Katherine Kurtz wrote the Deryni novels and Lammas Night, which Stephen finally finished reading,, and Katherine Kerr wrote a great series based upon a land called Deverry. Mark Twain was America’s bard. He wrote dozens of novels and stories, many of which we’re all familiar with. Leadbelly was another American bard. He recorded many Delta blues and American folk songs in the 1920s and 30s.

Thus we see that there are many different kinds of bards. For all we know, you may be some kind of bards. You must be interested in bardry, or you wouldn’t have joined this group.


Thursday, February 16, 2012

Love & the Single Witch

Who am I? Got a few hours? Some day I’ll write my memoirs, and when I do, I’ll title it “What a Long Strange Trip It’s Been,” which is a line from a Grateful Dead song, “Truckin’”. Yes, I’m from THAT generation. No, I never was a hippie. I had to work for a living, and I didn’t drop out of college. I also like taking showers and baths too much to be a hippie. I’ve been a Witch almost 38 years, maybe more. I actually sought out Witchcraft when I was in college. I started with what would in the ‘80s be called “ghost busting” and divination with playing cards.

I received my first Tarot deck for Yule, 1969, from my then boyfriend. I bought De Lawrence’s book on the Tarot, which I still have. I don’t have the deck, however, I gave it away to this gay guy I used to know. I taught myself to read Tarot from that book, but had at least three actual teachers along the way. Unfortunately, one of them is deceased. I learned a lot from her. But in early 1970, I knew only what was in that book. But it was enough to tell a cop I was dating how unethical readers bilk their clients. I can’t tell you how I knew the tricks; they just came to me.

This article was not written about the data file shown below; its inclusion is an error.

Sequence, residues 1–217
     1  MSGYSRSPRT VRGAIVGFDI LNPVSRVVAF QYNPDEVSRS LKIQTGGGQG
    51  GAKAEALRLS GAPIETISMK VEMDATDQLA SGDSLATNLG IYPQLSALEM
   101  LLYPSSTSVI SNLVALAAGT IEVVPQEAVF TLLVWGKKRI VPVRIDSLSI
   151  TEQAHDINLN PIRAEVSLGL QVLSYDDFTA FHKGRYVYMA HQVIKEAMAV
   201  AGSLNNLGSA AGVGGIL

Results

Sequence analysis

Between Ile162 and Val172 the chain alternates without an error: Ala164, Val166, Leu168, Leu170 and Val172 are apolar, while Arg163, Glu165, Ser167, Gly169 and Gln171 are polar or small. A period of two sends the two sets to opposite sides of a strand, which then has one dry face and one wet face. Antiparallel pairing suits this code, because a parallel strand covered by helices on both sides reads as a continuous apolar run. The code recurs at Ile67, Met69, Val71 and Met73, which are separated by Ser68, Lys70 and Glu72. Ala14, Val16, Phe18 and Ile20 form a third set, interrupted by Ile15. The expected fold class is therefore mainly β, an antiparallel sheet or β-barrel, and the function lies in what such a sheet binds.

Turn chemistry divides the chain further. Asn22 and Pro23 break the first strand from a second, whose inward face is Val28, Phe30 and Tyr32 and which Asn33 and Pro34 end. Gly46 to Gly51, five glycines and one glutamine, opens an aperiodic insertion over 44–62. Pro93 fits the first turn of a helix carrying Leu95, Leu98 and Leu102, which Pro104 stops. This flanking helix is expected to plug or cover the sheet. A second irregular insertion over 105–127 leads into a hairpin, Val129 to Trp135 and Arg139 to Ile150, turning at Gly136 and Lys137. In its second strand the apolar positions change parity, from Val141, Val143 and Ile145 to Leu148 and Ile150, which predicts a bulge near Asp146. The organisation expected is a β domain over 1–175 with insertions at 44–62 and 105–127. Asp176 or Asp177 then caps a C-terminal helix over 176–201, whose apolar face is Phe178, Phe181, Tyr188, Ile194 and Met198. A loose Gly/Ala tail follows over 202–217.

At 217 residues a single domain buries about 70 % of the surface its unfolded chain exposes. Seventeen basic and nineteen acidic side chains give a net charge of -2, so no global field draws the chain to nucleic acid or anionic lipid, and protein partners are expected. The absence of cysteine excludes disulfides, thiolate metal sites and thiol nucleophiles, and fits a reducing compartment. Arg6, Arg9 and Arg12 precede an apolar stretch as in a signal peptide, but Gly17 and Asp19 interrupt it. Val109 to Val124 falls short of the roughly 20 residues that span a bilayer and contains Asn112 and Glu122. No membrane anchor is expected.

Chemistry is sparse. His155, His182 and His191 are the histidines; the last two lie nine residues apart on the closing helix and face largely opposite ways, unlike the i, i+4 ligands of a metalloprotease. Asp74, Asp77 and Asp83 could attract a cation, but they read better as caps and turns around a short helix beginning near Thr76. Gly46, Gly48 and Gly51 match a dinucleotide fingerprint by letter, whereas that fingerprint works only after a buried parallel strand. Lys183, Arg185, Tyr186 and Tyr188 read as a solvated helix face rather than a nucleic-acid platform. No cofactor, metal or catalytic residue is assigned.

In April of 1976, I was initiated into the 1st degree of the NROOGD tradition. In 1984, Barbara Frederick and I formed the Witchaven Society, a group (not really a coven) that grew out of her correspondence with a few prison inmates. I didn’t approve of her choice of menfolk. I’ve always been fussier about who I would be with than she has been. I wouldn’t give her choices a second look, except to think to myself “She’s seeing THAT?” She was satisfied that the guy would want to be seen with her. For me, a man had to bring some benefit to Witchaven. Our apprentices didn’t always work out. We decided to set requirements candidates had to meet in order to be taught by us. She decided to have them wait 3 or 6 months. I decided to have a task oriented set so that if they qualified, they’d have a head start on their learning. I took my cue from the Witches in the faery tales. I’ve always been fond of and came up with five tasks that the candidate had to perform to get hir dedicant necklace. I’ll list and describe them for you now.